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Spring 2024 Edition
Alumni & Friends Magazine

Waste Not

The Sugar Bush Foundation has helped kickstart 16 social enterprises. Learn more about three such entities.

Mary Reed, BSJ ’90, MA ’93 | April 11, 2024


Bryan Darst and two other workers are busy framing a new shower in a home bathroom in The Plains, Ohio. The three men are full-time employees of Community Renovations and Repairs, a social enterprise of Habitat for Humanity of Southeast Ohio that provides affordable home repairs to help veterans and elderly and disabled adults stay in their homes.

There is more than meets the eye at this renovation site—what’s happening here is a win-win-win cycle of virtue. Darst has been in addiction recovery for years and now serves as a peer mentor for those early in their recovery journey. The house he’s working on serves as a Level II recovery residence for those coming out of addiction. And eventual profits from the CR&R will go to Habitat’s mission to provide affordable housing for those in need.

“That’s kind of the purpose as we grow, is to help grow people, not just grow this enterprise,” Darst says.

Like all social enterprises, CR&R is a for-profit business that focuses primarily on a social motive, in contrast to the profit motive of most traditional businesses. An oft-quoted mantra of the social enterprise world is “people, planet, profit”— meaning that the social and environmental goals are just as important as financial goals. Launched in 2022, CR&R has already broken even and is on track to beat its own projected timeline to reach profitability, thereby financially supporting Habitat as well.

This scenario likely couldn’t have played out without the support of The Sugar Bush Foundation, a supporting organization to the Ohio University Foundation. Sugar Bush’s mission is to support sustainable economic development projects that restore the environment or strengthen local food systems. It began when the foundation funded Habitat’s Zanesville ReStore, which opened in 2015.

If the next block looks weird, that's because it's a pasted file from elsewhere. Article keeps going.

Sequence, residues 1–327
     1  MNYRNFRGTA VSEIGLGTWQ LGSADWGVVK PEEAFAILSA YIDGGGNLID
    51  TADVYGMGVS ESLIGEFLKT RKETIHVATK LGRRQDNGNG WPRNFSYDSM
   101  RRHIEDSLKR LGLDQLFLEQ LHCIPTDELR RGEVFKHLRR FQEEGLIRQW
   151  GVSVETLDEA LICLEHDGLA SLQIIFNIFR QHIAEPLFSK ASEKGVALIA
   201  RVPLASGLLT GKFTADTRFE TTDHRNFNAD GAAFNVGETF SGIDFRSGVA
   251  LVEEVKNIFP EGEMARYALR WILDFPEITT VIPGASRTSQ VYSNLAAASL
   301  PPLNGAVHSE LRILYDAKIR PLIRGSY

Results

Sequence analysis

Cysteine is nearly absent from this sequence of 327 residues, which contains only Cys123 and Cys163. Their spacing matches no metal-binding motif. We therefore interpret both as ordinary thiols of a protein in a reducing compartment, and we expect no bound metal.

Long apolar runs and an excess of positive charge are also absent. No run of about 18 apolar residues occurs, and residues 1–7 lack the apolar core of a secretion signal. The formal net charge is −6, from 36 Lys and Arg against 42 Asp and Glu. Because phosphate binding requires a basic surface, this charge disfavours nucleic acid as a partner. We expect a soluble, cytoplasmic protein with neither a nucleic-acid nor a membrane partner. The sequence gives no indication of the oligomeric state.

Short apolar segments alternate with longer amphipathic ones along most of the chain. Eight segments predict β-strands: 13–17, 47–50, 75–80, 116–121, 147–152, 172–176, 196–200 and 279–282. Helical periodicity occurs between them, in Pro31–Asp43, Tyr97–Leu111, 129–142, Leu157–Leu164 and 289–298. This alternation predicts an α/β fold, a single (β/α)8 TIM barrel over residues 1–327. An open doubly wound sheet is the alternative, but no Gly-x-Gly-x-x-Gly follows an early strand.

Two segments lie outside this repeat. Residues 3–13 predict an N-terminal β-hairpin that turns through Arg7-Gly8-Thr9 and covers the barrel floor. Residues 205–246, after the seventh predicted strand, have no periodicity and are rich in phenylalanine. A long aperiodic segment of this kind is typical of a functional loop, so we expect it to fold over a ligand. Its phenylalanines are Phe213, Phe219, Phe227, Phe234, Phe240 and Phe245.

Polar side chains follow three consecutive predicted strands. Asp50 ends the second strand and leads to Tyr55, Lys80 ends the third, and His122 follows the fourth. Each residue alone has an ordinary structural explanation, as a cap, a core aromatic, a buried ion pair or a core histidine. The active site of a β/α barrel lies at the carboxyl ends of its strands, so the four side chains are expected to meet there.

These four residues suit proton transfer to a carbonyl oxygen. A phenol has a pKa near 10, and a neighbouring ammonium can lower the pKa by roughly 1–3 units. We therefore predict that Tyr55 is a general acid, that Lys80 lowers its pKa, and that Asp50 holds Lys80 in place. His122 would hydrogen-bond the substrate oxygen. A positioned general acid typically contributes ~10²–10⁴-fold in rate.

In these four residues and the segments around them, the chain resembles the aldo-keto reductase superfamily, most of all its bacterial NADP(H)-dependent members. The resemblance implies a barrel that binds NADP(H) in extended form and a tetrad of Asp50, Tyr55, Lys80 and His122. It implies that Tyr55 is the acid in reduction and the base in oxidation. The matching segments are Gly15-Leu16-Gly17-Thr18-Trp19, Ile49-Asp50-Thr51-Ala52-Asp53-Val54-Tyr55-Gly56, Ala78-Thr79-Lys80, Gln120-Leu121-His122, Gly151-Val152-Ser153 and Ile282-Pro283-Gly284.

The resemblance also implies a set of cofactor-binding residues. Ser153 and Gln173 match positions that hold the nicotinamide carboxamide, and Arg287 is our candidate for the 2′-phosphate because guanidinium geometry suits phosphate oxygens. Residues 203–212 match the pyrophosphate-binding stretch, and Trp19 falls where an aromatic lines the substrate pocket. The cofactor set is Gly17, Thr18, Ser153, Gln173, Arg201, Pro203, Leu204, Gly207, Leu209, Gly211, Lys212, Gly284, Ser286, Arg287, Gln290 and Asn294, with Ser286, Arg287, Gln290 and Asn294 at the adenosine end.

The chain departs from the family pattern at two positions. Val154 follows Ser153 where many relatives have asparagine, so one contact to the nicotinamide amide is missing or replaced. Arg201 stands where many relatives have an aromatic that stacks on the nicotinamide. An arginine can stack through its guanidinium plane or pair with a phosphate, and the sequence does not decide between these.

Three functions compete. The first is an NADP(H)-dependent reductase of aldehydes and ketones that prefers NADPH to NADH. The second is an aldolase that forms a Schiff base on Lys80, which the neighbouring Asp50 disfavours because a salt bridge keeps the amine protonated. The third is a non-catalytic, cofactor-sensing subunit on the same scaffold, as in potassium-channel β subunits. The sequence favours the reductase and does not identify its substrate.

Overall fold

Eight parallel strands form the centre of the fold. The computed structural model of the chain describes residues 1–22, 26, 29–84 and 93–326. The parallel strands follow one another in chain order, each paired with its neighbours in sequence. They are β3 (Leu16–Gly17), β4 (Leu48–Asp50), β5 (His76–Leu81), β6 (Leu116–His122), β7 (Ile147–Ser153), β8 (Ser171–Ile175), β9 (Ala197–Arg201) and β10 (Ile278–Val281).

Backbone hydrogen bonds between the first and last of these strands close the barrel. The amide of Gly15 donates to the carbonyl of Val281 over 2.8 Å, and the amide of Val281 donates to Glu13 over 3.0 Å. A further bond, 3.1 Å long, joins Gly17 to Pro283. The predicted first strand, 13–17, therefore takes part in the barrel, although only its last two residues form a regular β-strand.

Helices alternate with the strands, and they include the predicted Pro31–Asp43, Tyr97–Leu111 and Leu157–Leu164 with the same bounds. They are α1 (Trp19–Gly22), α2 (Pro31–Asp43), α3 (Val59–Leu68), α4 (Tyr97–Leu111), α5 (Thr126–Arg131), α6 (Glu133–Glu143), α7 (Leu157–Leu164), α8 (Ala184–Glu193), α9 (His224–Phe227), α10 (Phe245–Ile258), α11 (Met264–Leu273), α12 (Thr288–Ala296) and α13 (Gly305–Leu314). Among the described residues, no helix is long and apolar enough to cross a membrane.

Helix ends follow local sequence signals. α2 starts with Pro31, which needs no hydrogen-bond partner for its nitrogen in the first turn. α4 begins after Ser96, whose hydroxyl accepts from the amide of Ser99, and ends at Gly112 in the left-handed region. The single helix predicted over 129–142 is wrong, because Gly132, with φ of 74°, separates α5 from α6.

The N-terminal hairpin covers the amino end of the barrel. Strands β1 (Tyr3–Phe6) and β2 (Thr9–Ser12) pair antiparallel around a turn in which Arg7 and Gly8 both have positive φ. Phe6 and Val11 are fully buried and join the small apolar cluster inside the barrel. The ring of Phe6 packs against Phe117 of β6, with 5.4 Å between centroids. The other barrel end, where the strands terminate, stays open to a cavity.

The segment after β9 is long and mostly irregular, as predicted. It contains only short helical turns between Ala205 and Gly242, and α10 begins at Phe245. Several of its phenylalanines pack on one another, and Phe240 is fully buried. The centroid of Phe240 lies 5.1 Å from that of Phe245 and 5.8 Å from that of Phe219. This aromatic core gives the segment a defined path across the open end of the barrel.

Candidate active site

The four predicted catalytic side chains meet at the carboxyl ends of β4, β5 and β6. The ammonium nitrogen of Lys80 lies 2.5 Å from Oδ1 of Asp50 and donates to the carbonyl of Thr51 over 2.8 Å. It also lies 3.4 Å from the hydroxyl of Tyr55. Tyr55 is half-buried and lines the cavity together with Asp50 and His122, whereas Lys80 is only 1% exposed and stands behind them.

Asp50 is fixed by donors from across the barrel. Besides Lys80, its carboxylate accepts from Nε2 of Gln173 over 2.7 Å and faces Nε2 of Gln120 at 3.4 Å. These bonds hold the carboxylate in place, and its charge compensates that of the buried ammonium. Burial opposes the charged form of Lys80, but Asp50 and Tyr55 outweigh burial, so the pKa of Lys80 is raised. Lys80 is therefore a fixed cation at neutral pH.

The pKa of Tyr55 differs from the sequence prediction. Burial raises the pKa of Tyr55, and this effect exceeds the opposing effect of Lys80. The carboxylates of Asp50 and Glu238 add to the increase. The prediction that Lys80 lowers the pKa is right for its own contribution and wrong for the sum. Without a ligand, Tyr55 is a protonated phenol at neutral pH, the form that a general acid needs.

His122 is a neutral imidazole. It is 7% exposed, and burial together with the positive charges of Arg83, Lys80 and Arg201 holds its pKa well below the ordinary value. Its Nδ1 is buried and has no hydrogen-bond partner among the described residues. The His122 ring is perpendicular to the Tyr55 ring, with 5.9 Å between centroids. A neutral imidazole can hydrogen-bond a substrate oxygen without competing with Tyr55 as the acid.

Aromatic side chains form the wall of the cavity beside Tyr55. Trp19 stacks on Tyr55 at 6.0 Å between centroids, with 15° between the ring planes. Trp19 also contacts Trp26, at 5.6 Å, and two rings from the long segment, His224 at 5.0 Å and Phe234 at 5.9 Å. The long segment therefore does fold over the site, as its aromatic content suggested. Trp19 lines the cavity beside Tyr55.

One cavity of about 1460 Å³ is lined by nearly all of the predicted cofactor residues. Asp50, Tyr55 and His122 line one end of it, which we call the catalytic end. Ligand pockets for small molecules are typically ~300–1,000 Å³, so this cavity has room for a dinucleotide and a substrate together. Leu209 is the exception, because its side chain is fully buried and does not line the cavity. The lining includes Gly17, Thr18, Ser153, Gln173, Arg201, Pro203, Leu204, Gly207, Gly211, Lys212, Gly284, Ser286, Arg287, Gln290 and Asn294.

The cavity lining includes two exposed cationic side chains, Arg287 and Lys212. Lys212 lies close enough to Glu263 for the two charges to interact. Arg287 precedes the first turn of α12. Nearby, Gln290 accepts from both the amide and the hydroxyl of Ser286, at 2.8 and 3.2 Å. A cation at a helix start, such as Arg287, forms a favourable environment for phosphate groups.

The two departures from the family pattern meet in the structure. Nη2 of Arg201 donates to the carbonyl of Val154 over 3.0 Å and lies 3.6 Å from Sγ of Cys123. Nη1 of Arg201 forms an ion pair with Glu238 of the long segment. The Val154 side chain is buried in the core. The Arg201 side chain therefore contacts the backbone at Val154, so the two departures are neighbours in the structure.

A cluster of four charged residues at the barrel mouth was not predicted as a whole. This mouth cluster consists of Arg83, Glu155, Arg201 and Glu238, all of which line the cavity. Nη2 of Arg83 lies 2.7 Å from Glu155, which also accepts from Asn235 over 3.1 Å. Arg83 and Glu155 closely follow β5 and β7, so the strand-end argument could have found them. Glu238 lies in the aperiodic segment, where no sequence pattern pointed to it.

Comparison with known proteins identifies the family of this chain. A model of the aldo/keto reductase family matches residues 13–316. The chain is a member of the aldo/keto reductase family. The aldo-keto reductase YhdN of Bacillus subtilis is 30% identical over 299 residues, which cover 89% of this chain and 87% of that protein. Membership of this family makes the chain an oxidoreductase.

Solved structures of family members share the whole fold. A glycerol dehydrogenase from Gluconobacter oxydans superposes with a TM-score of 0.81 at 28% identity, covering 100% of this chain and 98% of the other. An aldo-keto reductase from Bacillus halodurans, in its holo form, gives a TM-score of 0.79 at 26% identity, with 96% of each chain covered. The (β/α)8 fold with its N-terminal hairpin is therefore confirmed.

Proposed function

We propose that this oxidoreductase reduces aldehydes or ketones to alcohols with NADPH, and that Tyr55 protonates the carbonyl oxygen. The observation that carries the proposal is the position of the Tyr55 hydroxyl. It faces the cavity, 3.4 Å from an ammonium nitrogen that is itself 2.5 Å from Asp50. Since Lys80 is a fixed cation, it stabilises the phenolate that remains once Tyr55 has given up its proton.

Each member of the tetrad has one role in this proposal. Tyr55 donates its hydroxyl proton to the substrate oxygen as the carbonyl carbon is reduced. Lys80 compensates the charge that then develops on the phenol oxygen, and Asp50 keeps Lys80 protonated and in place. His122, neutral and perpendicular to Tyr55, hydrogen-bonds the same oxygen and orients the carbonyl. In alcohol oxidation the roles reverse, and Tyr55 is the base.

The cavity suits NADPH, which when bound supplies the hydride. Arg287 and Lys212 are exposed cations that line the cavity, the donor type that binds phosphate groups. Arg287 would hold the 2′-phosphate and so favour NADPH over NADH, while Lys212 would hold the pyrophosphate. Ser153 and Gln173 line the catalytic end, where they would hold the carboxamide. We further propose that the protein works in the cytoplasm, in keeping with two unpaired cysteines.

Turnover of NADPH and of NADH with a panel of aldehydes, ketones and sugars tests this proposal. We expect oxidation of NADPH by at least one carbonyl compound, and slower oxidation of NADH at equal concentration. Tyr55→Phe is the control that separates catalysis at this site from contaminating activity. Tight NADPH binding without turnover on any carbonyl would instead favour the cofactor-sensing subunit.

“The ReStore is a social enterprise, so we were familiar with a social enterprise,” says Ken Oehlers, executive director of Habitat for Humanity of Southeast Ohio. These Habitat retail stores sell leftover, donated construction material that might otherwise end up in the landfill. Oehlers approached Sugar Bush again in 2017, which led to a study through Ohio University’s Voinovich School of Leadership and Public Service. (Sugar Bush-funded projects must involve both Ohio University and the community.) That study was the beginning of the process that led to CR&R.

All told, Sugar Bush has helped incubate or grow 16 social enterprises in Southeast Ohio since 2009, including a curbside recycling program in Chillicothe, an impact measurement service that calculates the value of social impacts, and a farm-to-OHIO working group that connects regional farmers to the buying power of Ohio University.

“We firmly believe that it takes community to build community,” Oehlers says. “We look for those types of partners. Sugar Bush is that type of partner where it’s not about giving you a check and [saying] ‘See you next year.’ It’s about walking the journey, celebrating together not only the successes, but also the challenges.”


From Trash to Treasure

Sugar Bush takes an asset-based approach to problem-solving. “How do you look at waste as an asset?” asks Hylie Voss, president of The Sugar Bush Foundation. “What can you get out of the waste stream that is of value? By removing it from the waste stream and reselling it, repurposing it, upcycling it, you create a job.”